But if you do need a reason why, then a study from BMC Women’s Health in 2013 may shed some light. It found that the reasonings for choosing an abortion are complex and not linear. Instead, it could be a singular issue or a multitude of things, like socioeconomic status, age, partners, health, other children, etc. There isn’t a black and white reason for this decision, and there shouldn’t have to be.


For a government that is so concerned with the lives of its unborn children, there seems to be little to no regard for them once they’re out of the womb. Fine, ban abortion, but will you provide the resources and funds to care for these children? Or, will you be satisfied that after forcing women to give birth, they’ll then place their children into the crumbling foster system? 

For reference, this system invests less than 50% of what the average American family pays to raise a child. Children in foster care are four times more likely to attempt suicide. They are also four times more likely to be sexually abused, and when placed into a group home, children are 28 times more likely to be physically abused. 
No wonder women don’t want to place their children up for adoption.

If we do in fact outlaw abortion, then we’ll need to address several disturbing issues within our system. 

The lack of insurance could be a start. At the beginning of 2021, 31.1 million people didn’t have health insurance. If there was more affordable access to health insurance, then more families would be able to cover the price of prenatal appointments and care, contraceptives and 18 years of child care.

Another thing to alter would be our approach to sex education in schools. In Texas, schools are not required to include sex education in their curriculum, but if they do, they have to emphasize abstinence. Spoiler alert: abstinence teachings do not result in less teenage sex; they result in unsafe teenage sex.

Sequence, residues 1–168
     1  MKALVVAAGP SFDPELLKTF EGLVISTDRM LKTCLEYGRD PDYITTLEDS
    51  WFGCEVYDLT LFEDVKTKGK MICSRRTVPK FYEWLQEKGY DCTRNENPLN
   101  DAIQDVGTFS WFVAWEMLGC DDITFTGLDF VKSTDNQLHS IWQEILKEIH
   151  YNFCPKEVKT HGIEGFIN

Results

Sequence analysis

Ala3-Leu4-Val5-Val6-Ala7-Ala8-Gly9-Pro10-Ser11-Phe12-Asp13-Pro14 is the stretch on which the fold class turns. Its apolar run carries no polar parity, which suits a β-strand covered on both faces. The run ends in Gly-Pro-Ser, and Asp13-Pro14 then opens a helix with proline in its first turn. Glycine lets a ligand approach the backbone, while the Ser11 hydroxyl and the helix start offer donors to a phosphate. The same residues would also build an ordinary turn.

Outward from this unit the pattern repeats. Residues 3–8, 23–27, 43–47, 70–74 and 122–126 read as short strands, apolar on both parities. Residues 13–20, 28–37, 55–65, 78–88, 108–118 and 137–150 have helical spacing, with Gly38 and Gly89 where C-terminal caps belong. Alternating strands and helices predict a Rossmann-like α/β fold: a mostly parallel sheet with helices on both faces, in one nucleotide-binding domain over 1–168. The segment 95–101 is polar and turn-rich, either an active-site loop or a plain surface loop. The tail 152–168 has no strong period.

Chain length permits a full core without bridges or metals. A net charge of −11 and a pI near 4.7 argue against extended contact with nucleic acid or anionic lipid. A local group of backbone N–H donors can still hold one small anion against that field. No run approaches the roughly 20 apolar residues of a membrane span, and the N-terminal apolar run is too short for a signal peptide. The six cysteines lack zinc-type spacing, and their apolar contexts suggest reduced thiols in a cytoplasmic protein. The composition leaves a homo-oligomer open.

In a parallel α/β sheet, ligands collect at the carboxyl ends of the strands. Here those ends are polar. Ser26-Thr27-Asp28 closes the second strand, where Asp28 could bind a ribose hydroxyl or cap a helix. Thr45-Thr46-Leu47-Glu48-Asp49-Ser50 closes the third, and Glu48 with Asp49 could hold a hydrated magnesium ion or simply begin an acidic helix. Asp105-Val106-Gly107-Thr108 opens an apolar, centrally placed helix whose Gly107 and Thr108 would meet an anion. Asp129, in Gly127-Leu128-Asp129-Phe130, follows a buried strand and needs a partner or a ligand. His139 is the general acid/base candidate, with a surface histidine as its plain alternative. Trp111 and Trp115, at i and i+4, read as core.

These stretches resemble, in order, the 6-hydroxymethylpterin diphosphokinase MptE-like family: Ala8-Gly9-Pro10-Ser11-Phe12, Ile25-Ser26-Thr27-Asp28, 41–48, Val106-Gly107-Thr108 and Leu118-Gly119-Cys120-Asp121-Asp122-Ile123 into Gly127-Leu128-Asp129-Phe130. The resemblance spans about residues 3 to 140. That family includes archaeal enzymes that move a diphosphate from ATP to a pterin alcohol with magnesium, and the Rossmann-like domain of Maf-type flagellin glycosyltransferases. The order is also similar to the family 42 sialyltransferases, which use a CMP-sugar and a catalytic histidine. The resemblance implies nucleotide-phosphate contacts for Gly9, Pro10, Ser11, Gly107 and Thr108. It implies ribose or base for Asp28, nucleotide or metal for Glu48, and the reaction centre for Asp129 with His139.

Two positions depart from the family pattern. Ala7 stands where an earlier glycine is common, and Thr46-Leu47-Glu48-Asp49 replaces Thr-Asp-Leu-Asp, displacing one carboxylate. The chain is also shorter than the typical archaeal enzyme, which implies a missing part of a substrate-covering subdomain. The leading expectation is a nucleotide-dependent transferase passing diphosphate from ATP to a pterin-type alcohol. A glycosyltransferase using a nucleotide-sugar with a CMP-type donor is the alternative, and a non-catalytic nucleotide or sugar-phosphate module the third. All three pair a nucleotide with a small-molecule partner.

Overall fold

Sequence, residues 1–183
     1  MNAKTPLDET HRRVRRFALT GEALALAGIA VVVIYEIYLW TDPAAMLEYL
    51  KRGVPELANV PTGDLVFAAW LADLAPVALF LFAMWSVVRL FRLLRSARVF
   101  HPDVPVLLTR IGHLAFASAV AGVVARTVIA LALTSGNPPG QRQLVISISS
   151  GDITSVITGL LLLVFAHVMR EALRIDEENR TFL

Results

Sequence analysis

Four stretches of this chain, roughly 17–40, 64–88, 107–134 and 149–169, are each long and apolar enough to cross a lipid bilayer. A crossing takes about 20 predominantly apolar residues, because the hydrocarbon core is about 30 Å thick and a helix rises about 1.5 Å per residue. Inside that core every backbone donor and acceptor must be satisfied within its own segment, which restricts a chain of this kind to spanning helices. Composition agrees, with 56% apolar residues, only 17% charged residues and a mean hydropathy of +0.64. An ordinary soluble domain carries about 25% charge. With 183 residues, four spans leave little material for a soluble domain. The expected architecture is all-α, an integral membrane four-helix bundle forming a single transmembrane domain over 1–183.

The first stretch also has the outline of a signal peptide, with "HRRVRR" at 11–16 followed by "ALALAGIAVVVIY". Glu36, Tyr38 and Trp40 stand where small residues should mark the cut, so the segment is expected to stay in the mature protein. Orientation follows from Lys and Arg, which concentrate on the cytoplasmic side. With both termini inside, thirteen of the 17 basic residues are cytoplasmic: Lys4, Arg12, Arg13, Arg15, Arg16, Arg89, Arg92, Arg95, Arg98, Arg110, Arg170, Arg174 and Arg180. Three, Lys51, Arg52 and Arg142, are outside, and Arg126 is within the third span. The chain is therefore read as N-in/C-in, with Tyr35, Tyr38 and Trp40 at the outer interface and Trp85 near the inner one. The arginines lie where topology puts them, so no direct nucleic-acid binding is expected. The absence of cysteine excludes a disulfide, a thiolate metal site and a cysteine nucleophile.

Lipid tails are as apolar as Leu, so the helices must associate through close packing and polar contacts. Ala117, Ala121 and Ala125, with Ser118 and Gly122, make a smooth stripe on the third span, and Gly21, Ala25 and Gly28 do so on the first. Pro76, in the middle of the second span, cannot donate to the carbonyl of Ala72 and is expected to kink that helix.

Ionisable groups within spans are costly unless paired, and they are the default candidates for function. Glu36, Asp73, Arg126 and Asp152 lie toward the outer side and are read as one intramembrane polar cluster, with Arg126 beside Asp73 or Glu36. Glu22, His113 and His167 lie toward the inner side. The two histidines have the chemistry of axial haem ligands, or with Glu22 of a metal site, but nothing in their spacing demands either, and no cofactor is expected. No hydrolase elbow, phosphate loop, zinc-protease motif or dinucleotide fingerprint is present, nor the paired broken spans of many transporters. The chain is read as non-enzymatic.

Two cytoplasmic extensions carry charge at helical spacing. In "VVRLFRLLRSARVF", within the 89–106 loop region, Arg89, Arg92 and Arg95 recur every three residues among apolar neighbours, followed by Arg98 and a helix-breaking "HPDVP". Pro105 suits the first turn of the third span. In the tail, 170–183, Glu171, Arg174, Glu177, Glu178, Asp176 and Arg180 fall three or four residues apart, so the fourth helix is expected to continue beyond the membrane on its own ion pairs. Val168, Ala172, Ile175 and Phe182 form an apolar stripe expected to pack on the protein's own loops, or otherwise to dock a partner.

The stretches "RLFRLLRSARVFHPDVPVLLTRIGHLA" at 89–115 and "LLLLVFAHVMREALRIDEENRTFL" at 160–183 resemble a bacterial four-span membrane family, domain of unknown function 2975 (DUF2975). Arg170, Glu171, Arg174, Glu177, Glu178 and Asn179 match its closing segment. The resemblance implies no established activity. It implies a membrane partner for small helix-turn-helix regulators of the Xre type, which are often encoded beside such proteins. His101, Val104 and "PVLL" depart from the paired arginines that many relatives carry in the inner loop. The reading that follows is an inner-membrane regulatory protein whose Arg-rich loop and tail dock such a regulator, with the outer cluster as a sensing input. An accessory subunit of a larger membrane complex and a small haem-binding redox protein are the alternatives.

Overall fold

In 2020, 40% of teenagers reported being sexually active. Now, unless we’re planning on strapping a chastity belt onto every 15-year-old girl, we, as a state and country, need to start becoming more realistic. 
One in four women will experience severe intimate partner physical violence, sexual violence and/or stalking from an intimate partner. In 2020 alone, Texas reported 228 people were murdered by their intimate partners. Some would argue these victims could’ve gotten away, but nearly half of adult victims were turned away from domestic violence shelters due to a lack of space. If there were programs in place that successfully curbed domestic violence and sexual abuse, it wouldn’t be surprising to see abortion rates decrease. 


A literature review was published that examined the relationship between domestic violence and abortion. Women are more likely to terminate their pregnancies when their male partner is controlling and isolating them. There is also the added desire for an abortion when women are unable to escape from their dangerous situation and already subject to physical, sexual and emotional abuse. Not wanting their child to be subjected to this violence, they terminate these pregnancies. 

Banning abortions will never stop them. I’m not sure how many times I have to reiterate this fact, but I will until it becomes known to at least one person. Look back on the history of bans — prohibition didn’t last a second, people still smoke marijuana and George Orwell’s “1984” remains a best seller. 
Banning doesn’t stop the act from being done. Implementing more resources decreases those issues. In the case of abortion, no matter where you side, prohibiting the procedure will not decrease the cases, but only make them more dangerous. 
To Florida, Oklahoma, Texas and all alike: Restructure your approach and I guarantee abortion rates will fall and approval ratings from all sides will rise. 
Kaelin Connor is a psychology senior and opinion columnist for The Battalion.